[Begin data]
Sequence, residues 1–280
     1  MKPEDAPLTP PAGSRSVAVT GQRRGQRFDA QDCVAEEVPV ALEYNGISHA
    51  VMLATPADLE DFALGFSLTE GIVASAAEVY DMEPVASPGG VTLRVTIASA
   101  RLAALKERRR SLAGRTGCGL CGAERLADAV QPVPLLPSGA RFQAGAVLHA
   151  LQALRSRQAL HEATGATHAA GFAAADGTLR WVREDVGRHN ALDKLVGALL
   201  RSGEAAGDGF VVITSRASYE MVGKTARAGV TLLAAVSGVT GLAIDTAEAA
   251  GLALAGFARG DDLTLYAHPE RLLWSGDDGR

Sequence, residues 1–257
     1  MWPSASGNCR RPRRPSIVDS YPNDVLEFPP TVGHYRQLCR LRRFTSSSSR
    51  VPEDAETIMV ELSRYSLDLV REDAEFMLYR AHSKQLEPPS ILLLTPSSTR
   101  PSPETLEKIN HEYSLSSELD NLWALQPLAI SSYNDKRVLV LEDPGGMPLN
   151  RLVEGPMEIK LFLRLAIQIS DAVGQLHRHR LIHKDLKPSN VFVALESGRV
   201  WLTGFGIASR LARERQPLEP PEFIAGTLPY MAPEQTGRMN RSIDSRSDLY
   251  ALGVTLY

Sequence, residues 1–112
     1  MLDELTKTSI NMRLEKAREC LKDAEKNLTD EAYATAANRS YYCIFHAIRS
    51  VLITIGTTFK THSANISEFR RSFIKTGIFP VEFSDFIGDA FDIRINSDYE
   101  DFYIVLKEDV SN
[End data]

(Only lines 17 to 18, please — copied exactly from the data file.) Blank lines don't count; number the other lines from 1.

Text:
    51  VLITIGTTFK THSANISEFR RSFIKTGIFP VEFSDFIGDA FDIRINSDYE
   101  DFYIVLKEDV SN